Hospital Standardized Mortality Ratio


The hospital standardized mortality ratio (HSMR) is a patient safety measure that compares a hospital’s number of deaths to the average national rate. The ratio provides a starting point to assess mortality rates and identify areas for improvement, which may help to reduce unexpected hospital deaths.

The Canadian Institute for Health Information (CIHI) calculates the normal number based on averages from hospitals across Canada. When tracked over time, the HSMR indicates how successful hospitals or health regions have been in reducing inpatient deaths and improving care.

The HSMR is a ratio of observed deaths to the expected number of deaths of patients in acute care hospitals, multiplied by 100. The HSMR is adjusted for other factors affecting mortality, such as age, sex and length of stay. 

A ratio of 100 indicates there is no difference from the national rate. A ratio greater than 100 means more deaths occurred than expected. A ratio less than 100 suggests the hospital’s mortality rare is below average.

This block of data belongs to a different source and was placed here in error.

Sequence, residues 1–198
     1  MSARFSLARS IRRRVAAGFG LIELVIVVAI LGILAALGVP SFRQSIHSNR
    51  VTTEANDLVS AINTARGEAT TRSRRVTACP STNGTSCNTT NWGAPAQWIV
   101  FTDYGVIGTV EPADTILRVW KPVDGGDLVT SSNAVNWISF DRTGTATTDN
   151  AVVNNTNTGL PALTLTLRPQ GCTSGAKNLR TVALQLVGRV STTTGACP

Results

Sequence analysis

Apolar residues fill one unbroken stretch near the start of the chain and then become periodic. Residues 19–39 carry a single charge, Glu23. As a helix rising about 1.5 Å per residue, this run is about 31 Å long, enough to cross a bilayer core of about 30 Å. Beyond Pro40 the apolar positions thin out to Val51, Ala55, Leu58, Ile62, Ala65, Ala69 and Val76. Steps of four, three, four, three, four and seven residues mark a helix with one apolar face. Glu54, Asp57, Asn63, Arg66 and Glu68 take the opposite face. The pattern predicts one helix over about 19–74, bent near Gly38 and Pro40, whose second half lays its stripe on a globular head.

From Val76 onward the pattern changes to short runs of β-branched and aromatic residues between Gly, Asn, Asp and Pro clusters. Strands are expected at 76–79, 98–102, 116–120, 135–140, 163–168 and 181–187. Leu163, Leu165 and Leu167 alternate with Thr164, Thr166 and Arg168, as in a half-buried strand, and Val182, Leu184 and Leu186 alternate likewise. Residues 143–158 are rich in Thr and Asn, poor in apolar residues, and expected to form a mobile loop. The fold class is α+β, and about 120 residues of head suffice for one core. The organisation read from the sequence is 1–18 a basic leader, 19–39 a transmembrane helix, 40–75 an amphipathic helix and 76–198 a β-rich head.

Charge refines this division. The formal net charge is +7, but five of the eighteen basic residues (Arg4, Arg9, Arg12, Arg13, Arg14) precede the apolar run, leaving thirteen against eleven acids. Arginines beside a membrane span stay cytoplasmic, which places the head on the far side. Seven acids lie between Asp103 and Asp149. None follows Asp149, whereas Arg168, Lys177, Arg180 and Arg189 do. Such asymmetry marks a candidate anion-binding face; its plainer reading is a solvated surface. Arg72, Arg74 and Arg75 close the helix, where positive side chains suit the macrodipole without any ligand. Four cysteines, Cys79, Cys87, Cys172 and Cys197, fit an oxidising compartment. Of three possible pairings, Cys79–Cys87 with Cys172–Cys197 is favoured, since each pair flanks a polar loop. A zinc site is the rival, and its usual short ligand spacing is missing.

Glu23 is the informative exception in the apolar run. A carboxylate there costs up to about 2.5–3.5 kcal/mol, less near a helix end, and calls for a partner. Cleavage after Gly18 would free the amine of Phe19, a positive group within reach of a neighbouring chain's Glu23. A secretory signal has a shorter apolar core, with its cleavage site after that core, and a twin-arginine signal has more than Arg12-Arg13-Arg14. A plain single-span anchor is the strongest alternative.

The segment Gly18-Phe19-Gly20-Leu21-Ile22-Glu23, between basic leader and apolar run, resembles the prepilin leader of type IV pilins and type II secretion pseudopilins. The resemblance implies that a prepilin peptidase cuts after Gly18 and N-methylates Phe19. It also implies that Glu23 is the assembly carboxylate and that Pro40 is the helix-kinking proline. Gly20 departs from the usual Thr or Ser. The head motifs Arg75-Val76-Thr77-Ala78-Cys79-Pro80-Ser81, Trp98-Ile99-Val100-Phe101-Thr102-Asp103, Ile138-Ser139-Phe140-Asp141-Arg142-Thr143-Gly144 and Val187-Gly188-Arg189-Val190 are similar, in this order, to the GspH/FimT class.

North York General Hospital regularly monitors and reviews performance indicators such as the HSMR and uses this information to execute best practice protective measures and continually improve patient care and safety.

See NYGH’s HSMR results on the Canadian Institute for Health Information’s (CIHI) Your Health System website. Learn more about HSMR on the CIHI website. 

What we are doing to improve patient safety 

North York General has undertaken many initiatives to provide patients with safer care including:

  • Adopting and executing the six interventions set out by the Safer Health Care Now campaign aimed at reducing the number of injuries and deaths related to adverse events, such as infections and medication incidents. 
  • Actively implementing an aggressive hand washing campaign across the entire hospital to dramatically increase hand washing compliance rates
  • Developing a comprehensive system for screening and surveillance of high-risk patients for infectious syndromes (e.g. diarrhea, meningitis, etc.) and antibiotic-resistant organisms (methicillin-resistant staphylococcus aureus or MRSA, vancomycin-resistant enterococci or VRE, C. difficile, etc.).